Yesterday (Thursday), Congressional leaders agreed to the FAA funding bill. In particular, the Senate agreed to pass a bill that the House had already passed in mid-July that provides the authority to fund the FAA. This is the 21st continuing resolution for FAA funding that Congress has passed over the last four years.
This law is known as the “Airport and Airway Extension Act of 2011, Part IV.” It extends the authority to run the FAA’s programs through September 16, 2011. It also imposes limits on the Essential Air Service program, such that the Federal Government can stop subsidizing air service to smaller airports where there is a medium or larger hub airport within 90 miles.
This does not mean that the FAA can rest on their laurels and get some work done without worrying about funding. This is the House bill that was sent to the Senate on July 20 to temporarily extend funding through September 16. Unless something unusual happens, Congress is still scheduled to be in recess through the evening of September 7. So there will be just about a week for Congress to pass the next extension, once they return to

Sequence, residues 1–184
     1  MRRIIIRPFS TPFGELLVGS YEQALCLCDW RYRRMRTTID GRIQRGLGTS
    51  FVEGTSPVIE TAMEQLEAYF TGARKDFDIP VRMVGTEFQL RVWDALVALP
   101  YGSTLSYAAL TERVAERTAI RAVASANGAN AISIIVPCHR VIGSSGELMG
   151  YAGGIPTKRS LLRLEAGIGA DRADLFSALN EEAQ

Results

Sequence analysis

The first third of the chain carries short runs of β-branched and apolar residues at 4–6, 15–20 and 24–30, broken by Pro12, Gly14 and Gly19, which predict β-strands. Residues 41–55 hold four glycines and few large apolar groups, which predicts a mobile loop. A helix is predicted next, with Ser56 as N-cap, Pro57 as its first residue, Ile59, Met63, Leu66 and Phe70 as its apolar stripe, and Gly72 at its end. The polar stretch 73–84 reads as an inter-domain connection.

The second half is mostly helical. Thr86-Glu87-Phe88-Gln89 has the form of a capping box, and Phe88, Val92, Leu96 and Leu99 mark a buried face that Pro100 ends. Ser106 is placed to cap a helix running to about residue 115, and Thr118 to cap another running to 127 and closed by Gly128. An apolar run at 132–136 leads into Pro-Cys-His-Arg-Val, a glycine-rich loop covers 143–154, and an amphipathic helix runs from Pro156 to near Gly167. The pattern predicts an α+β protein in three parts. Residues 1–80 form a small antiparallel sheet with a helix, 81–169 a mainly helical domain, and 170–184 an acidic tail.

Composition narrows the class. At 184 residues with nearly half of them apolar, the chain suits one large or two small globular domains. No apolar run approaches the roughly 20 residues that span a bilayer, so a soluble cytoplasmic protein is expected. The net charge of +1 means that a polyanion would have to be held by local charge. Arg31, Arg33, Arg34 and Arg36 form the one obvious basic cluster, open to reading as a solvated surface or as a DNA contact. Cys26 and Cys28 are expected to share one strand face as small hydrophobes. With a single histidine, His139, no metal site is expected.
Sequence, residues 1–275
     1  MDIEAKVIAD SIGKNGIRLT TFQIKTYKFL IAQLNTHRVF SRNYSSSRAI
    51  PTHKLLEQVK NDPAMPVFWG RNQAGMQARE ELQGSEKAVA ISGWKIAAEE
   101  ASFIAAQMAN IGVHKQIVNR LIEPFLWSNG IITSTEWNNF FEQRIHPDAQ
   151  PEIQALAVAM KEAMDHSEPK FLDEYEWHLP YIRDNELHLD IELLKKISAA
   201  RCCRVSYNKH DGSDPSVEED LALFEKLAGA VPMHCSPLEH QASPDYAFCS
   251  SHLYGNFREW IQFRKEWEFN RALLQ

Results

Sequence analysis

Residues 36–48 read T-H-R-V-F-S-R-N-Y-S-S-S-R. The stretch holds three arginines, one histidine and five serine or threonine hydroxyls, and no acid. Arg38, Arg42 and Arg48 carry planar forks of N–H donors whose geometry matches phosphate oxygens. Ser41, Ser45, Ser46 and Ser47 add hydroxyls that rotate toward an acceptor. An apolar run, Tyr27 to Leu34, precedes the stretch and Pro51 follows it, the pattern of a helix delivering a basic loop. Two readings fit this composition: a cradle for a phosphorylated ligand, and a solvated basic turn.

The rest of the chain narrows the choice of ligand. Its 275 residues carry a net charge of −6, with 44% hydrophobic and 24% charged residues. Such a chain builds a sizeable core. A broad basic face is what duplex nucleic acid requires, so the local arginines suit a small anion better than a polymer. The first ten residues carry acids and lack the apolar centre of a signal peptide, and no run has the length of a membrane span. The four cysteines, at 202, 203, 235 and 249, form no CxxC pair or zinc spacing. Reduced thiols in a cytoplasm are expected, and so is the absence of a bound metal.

As we’ve discussed, previously, the FAA projects that are authorized under the FAA Authorization had been unfunded since midnight on July 23, when the authorization ran out without a continuing resolution.
Much of the FAA is funded through the Department of Transportation Appropriation, so there is still money to run the agency, but many of the projects related to airports and improvements are on hold, and the authority to collect certain airline ticket taxes has been suspended until it is reauthorized.
Past posts on this subject
- SNAFU: Situation Normal, Authorization for FAA Unfunded
- Why Isn’t the FAA Returning Your Phone Calls?
On an editorial note, this continuing resolution legislation was available for passage by the Senate on July 20 … there is no legitimate reason why it needed to be delayed for two weeks.